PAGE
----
With regard to the firebombing attacks on the newspaper's office in 2011, Charbonnier noted that they were carried out by "idiots" who "don't know what Islam is" and "who betray their own religion." When asked whether he was afraid about the threats against himself and his paper, Charbonnier noted that "if we worried about the consequences of each of our drawings in each of our 1,057 issues, then we would have had to close shop a long time ago," British news magazine The Week explained.

    Speaking with French television channel BFMTV in 2012 in the aftermath of the firebombing attack, Charlie Hebdo cartoonist Laurent Leger noted that "the aim is to laugh. We want to laugh at the extremists – all extremists, whether they are Muslim, Jewish, or Catholic. Everyone can be religious, but extremist thoughts and acts we cannot accept." He added that in France, "we always have the right to write and draw. And if some people are not happy with this, they can sue us and we can defend ourselves. That's democracy. You don't throw bombs, you discuss, you debate. But you don't act violently. We have to stand and resist pressure from extremism."

    This Week's Issue Featured Story on Controversial French Author's New Novel

    This week's issue of Charlie Hebdo featured a story on a new novel by French author and filmmaker Michel Houellebecq about the Islamization of France. Entitled "Submission", the novel depicts a dystopian vision of the country in the year 2022, when an Islamic political party known as the "Muslim Fraternity" wins presidential elections and proceeds to ban women from the workplace, allow polygamy, impose Islamic education on the country's schoolchildren, and enforce a conservative and religious vision of society, Bloomberg reported.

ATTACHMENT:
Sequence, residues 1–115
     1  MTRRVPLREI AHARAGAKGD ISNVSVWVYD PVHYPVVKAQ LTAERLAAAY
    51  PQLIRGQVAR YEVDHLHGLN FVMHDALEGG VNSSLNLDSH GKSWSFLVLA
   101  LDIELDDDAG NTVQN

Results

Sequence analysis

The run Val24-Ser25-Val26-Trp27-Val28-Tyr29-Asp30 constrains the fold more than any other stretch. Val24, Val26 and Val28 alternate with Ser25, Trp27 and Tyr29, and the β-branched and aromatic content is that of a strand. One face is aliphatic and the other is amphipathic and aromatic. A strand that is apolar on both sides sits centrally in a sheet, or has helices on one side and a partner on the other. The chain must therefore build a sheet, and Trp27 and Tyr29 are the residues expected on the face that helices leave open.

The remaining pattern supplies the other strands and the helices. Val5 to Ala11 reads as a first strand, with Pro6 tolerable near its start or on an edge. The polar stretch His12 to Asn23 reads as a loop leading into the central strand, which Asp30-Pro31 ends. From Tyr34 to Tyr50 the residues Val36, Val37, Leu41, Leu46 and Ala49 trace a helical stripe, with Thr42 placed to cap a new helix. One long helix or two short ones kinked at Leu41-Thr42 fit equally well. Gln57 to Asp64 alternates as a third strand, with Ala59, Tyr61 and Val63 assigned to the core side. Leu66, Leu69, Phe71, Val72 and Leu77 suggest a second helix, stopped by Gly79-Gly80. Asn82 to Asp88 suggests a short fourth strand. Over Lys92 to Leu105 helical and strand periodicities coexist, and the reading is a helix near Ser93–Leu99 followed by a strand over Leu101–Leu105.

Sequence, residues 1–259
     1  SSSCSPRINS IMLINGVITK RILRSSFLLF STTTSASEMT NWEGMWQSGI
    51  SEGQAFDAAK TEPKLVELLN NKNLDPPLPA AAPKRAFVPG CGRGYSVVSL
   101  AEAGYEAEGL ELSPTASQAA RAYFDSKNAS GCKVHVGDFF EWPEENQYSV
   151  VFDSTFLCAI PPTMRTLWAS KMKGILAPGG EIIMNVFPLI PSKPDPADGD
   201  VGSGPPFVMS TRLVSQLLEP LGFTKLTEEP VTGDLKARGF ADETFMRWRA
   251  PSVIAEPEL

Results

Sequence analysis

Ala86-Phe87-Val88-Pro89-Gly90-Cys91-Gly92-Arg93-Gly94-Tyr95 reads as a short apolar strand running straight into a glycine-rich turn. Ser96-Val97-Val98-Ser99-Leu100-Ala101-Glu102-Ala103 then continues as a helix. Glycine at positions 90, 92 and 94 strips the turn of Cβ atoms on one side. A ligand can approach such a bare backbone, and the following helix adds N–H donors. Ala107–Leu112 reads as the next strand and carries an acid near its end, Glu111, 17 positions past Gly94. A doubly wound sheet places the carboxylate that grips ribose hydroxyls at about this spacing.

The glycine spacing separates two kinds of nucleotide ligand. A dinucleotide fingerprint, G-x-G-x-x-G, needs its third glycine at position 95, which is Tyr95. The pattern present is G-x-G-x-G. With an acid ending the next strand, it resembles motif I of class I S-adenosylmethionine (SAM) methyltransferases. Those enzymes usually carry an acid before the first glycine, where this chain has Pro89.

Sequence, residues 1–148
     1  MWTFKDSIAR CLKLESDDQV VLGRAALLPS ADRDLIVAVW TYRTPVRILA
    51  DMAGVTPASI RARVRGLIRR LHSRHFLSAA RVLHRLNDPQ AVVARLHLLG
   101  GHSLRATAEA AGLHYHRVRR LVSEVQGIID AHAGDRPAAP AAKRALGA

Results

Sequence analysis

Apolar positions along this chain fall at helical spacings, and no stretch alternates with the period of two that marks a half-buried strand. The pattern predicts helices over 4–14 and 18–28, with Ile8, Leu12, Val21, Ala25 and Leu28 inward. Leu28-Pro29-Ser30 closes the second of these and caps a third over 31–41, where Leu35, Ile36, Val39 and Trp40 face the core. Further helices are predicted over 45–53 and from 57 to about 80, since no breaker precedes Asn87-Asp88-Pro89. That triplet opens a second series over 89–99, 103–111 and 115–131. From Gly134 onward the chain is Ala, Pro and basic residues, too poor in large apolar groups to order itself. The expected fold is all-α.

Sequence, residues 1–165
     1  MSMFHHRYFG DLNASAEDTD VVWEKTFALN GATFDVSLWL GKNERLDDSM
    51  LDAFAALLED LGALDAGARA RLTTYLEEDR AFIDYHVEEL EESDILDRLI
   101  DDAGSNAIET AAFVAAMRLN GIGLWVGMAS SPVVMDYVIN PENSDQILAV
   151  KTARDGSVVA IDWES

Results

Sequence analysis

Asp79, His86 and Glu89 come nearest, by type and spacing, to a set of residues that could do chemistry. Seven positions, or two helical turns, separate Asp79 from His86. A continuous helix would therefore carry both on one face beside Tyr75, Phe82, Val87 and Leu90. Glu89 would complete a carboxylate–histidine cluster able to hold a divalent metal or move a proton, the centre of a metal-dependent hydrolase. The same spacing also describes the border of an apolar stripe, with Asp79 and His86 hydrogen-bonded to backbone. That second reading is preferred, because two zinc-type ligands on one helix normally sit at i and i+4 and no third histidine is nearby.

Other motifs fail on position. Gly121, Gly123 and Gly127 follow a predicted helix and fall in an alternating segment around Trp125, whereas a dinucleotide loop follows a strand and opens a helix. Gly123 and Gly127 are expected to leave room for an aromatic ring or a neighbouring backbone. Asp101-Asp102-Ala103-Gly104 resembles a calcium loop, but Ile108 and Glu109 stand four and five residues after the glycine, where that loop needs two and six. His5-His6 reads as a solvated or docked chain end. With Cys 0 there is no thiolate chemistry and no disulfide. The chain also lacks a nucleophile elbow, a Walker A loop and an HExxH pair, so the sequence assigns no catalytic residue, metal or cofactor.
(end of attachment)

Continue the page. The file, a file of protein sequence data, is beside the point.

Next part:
The newspaper's very last tweet, from 2:28 am this morning, featured a sarcastic cartoon about Islamic State militant group leader Abu Bakhr al-Baghdadi, featuring the leader and the captions "Best wishes to you too, Al-Baghdadi," with Baghdadi noting "and above all, good health."

    Charlie Hebdo began its publication in 1970 after the scandalous closure of predecessor Hara-Kiri, which was closed after the paper had satirized the death of French President Charles De Gaulle. The paper's name is related to the fact that it originally reprinted the American cartoon Charlie Brown. Facing financial difficulties in the early 1980s, the satirical newspaper was closed for 10 years due to lack of financing before reopening in 1991.

    Attacks May Be Part of Wider Islamic Radicals' Plans for Attacks on France and Europe

    In September 2014, an article published in Islamic State propaganda Magazine Dabiq had called on its followers in the countries conducting the military operation against the militant group to stage spontaneous revenge attacks across the globe. "At this point of the crusade against the Islamic State, it is very important that attacks take place in every country that has entered into the alliance against the Islamic State, especially the US, UK, France, Australia and Germany," the article ominously warned.

    Over the Christmas holidays, French, Britain, Italy and Australian police heightened security following fears of "lone wolf" attacks over the holidays, after France witnessed a series of attacks resulting in over 20 injuries, and Australia a dramatic hostage-taking in mid-December.

    In an interview for Sputnik last week, French journalist and Middle East intelligence expert Jean-Michel Vernochet warned that Islamists would begin attacking Europe systematically this year, saying that now, in addition to seeking "to transform Europe into the land of Islam," the radicals also "want to turn it into the land of war."

    Vernochet said that the increased frequency and organization of the attacks means that "Europe cannot consider itself safe, especially considering the fact that France, together with the United Kingdom and Australia…is a member of the US-led coalition of 61 states assembled to fight [IS]."

    The views and opinions expressed in the article do not necessarily reflect those of Sputnik.

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    France, attack on journalist, attack, terrorist attack, shooting, terrorism, Charlie Hebdo, Europe, Paris